If anyone confronts you with a damaging statement a Coalition member or staffer has made, first deny it. If the chatter persists, insist that what was said was misinterpreted. If it continues, brush it away as ‘past history’, insist that action has been taken, and that ‘the matter is now at an end’.


For example, when the Coalition's Paid Parental Leave scheme was announced, the words ‘fair dinkum’ were used to describe it. Aussies like things to be ‘fair dinkum’; it’s a bit like ‘real solutions’. The words also had the effect of diminishing the value of Labor’s scheme; by definition it could not be as ‘fair dinkum’. To pay for it, a 1.5% ‘levy’ would be imposed on around three thousand companies with the largest profit. Everyone knew that would be portrayed as a ‘tax’, but it was easy to insist that it was a ‘levy’ and a ‘modest levy’ at that, and it would be offset by a similar reduction in company tax. The Coalition insists it is still a levy, and definitely not a tax. See how easy it is to make words mean whatever you want them to mean.

Another example is the Coalition’s Direct Action Plan to combat climate change. Note ‘action’ is a key word, one voters like, and this time it is ‘direct’, which of course makes it ‘real’. It has been easy to conceal from most voters the fact that the DAP will impose a burden of $1,300 on every household and cost taxpayers many billions every year, will require many new regulations and hundreds of new bureaucrats to enforce them, will rely on the creation of a 15,000 strong Green Army to plant 20 million trees on what semi-arable land can be procured, and on burying tonnes of biochar in farmland. By using the term ‘Direct Action Plan’ – three stylish and comfortable words – the Coalition has been able to deflect attention from details that some voters might find discomforting, and from all the negative appraisals of the Plan by economists and environmentalists, leaving them with just those reassuring words that have given the Plan a comfortable aura, words that would have made even Humpty Dumpty proud.

On the principle of brushing off damaging statements, the Coalition has managed to do that remarkably effectively over ‘Ashbygate’, and the Mark Roberts ‘slit your throat’ outburst.

This leads to the next set of Abbott principles:

To achieve any of the above, a compliant media is required.
The mainstream media in this country is the conduit for convincing the people of the veracity of what the Coalition says.
The value of having media proprietors onside is inestimable.
Be prepared to do whatever it takes to get them onside.
Foster support from the wealthy and powerful as they have influence over the media.


This has been a Coalition success story. The Murdoch media has shown its willingness to not just support the Coalition, but oppose the Government. The Coalition could not have asked for an easier ride from the MSM. The Australian and the Murdoch tabloids have been strongly supportive and ready to put the Government down at every opportunity. News Limited’s Newspoll has been used not just as a measure of support for the parties, but the results have been written up in a way that no matter what the figures show, Labor has been shown up at a disadvantage. Rupert Murdoch gave an early indication that he wanted the Gillard Government gone, and he has been true to his word. Let’s face it, the Coalition could not have been in the favourable position it is in without the help of the Murdoch media, and now with its good friend Gina Rinehart a big shareholder at Fairfax, another large media outlet is onside.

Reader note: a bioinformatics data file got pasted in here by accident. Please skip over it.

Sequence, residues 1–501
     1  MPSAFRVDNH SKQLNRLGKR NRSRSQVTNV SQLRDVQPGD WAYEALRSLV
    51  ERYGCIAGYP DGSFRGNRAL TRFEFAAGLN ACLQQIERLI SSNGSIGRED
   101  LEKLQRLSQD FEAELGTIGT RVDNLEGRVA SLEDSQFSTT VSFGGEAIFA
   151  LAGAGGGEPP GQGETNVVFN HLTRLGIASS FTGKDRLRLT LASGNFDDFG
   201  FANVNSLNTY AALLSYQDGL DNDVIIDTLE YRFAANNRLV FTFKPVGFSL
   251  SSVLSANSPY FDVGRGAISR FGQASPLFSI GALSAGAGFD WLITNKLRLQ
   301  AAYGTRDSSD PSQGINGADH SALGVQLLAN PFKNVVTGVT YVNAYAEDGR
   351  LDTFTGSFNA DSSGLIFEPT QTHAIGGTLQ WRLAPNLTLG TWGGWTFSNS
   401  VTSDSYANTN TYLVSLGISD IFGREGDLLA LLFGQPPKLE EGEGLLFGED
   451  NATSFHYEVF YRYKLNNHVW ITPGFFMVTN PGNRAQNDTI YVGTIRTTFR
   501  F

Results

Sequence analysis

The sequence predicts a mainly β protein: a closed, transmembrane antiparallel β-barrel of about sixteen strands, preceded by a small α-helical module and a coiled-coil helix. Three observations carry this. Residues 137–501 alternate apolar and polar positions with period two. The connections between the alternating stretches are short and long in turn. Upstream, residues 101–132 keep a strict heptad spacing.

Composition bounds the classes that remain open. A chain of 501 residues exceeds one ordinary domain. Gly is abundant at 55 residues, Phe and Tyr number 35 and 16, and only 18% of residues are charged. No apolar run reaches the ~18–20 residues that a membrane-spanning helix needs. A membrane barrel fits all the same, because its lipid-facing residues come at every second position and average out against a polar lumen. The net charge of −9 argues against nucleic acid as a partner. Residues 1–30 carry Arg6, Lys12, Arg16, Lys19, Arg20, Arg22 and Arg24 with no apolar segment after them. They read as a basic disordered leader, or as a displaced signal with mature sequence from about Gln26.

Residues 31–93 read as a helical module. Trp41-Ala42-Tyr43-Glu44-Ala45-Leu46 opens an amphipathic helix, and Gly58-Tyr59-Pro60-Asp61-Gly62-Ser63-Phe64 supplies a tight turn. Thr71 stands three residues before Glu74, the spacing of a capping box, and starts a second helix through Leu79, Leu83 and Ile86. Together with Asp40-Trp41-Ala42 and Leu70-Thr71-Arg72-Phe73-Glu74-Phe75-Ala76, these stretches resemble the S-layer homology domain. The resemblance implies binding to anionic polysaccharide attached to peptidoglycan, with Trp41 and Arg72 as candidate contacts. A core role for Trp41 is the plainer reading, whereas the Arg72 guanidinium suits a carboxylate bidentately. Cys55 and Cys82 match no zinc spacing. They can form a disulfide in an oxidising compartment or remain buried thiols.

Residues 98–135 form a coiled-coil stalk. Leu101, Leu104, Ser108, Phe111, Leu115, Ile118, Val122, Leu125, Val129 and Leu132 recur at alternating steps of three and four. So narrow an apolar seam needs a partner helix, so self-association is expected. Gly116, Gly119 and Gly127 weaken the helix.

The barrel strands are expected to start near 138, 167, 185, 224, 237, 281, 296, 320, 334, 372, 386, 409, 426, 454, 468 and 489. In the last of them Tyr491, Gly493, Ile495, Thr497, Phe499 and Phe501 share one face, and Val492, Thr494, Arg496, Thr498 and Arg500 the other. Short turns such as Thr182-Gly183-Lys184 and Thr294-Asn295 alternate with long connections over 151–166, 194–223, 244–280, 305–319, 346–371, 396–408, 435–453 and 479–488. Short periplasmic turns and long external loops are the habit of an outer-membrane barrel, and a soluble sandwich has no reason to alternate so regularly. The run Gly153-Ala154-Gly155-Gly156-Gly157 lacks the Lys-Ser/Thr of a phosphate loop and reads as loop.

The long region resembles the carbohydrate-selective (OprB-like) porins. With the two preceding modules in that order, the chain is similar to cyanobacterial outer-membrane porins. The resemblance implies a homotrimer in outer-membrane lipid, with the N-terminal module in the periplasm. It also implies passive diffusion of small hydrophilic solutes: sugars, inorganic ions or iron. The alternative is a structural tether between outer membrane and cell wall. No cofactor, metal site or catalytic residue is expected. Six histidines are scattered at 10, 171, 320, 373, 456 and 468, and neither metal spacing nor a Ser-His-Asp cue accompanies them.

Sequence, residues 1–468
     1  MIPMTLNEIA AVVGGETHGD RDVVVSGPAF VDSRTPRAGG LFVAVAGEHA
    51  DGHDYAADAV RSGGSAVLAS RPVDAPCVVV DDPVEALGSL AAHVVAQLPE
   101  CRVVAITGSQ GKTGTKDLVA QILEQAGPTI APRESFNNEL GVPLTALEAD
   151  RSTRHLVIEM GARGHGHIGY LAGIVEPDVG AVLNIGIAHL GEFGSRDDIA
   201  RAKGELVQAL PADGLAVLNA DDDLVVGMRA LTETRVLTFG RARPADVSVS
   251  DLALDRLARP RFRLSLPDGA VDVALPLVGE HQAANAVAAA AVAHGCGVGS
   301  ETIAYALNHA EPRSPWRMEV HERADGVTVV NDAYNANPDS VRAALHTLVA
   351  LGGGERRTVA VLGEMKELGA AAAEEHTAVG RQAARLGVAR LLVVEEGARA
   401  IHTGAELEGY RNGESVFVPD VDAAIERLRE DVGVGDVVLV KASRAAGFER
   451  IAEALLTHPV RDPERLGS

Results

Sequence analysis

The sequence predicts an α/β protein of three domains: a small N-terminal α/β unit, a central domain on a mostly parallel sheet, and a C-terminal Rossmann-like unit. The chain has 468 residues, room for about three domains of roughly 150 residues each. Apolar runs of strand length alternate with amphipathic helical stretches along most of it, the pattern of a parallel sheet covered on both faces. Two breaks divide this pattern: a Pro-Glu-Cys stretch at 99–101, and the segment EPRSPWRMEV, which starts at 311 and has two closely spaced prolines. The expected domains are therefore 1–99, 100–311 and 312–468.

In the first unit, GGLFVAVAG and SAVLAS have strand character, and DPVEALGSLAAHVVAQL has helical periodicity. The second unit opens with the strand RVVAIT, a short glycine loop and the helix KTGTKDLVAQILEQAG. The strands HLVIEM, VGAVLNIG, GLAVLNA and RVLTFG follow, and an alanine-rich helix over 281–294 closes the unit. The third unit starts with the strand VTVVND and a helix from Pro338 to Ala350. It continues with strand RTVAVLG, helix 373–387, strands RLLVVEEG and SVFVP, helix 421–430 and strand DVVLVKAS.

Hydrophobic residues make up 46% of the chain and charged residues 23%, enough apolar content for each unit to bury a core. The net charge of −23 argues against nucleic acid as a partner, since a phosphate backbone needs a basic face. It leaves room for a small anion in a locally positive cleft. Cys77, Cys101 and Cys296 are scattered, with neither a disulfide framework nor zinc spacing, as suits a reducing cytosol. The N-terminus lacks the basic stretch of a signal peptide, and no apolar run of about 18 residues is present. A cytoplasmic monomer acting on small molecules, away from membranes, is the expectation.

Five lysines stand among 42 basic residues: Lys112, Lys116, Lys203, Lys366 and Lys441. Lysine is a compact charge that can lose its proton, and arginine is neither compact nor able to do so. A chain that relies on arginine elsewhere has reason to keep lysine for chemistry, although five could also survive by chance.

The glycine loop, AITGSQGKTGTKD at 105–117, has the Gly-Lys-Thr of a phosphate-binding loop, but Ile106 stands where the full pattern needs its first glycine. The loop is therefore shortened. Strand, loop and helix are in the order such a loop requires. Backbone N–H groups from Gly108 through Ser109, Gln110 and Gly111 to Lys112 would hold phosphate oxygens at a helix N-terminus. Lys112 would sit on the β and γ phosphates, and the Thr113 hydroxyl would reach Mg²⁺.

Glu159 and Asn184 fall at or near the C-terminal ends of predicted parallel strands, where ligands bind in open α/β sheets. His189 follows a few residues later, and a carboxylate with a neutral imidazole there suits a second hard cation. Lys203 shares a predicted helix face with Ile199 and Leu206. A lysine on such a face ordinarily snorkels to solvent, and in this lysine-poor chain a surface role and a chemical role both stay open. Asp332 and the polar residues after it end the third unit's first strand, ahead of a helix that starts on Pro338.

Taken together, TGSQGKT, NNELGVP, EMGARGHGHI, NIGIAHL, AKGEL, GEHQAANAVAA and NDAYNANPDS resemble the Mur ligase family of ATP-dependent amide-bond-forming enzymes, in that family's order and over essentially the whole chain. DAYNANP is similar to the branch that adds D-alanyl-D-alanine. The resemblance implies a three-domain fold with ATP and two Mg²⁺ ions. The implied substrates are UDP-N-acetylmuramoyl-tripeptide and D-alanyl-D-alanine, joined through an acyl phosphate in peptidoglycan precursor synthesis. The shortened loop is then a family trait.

The ABC was hard on Abbott in the Leigh Sales interview about the BHP Billiton Olympic Dam deferral, but her latest interview was a soft one, no doubt the result of lots of angry protests filed by Coalition supporters against the earlier one. It was easy to avoid her questions and control the interview. The ABC too looks like coming on board.

This leads to the fifth set of Abbott principles:

It is not enough to counter your opponent’s policies; you have to counter your opponent.
Demonization of opponents, particularly leaders, is essential. It is a form of ‘shooting the messenger’.
Demonization can be achieved by accusing an opponent of some misdemeanour, over and again, no matter how remote in time.
The misdemeanour need not be of any consequence, as the object is simply to raise doubts in voters’ minds about the integrity of your opponent.
Labelling an opponent pejoratively is a sure fire method, as no matter how improbable the accusation, some of it will stick.
If a theme of malfeasance or incompetence can be established, so much the better, as each instance reinforces the others.
Even if a Coalition member is guilty of the same misdemeanour, laying it on an opponent is the best counter. For example, if you tell lies yourself, accuse your opponent of lying.
Even if journalists contradict your assertions, even if they question their validity, always insist that you are correct. Never retreat. Repeat them again and again as if you haven’t heard the contradiction.
Making the electorate angry with your opponent is essential; it is vital to build up resentment and an aura of blame, so that no matter what good things your opponent does, they will be negated by the antagonism, anger and hatred that you have generated against your opponent.
It is essential to have allies in the media before engaging these strategies.


The Coalition has been successful in employing these principles.

Julia Gillard has been demonised as a liar, and labelled untrustworthy. The Coalition was gifted with her statement about not introducing a carbon tax. We know that only half of what she actually said has been circulated, but that matters nothing. The Coalition has many video clips of her saying these words that it will use over and again in election advertising, painting her as an untrustworthy liar. No amount of logic or reasoning will erase that. It is a sure winner. And hasn’t the rehashing of the Slater and Gordon matter been effective in casting doubts on her integrity!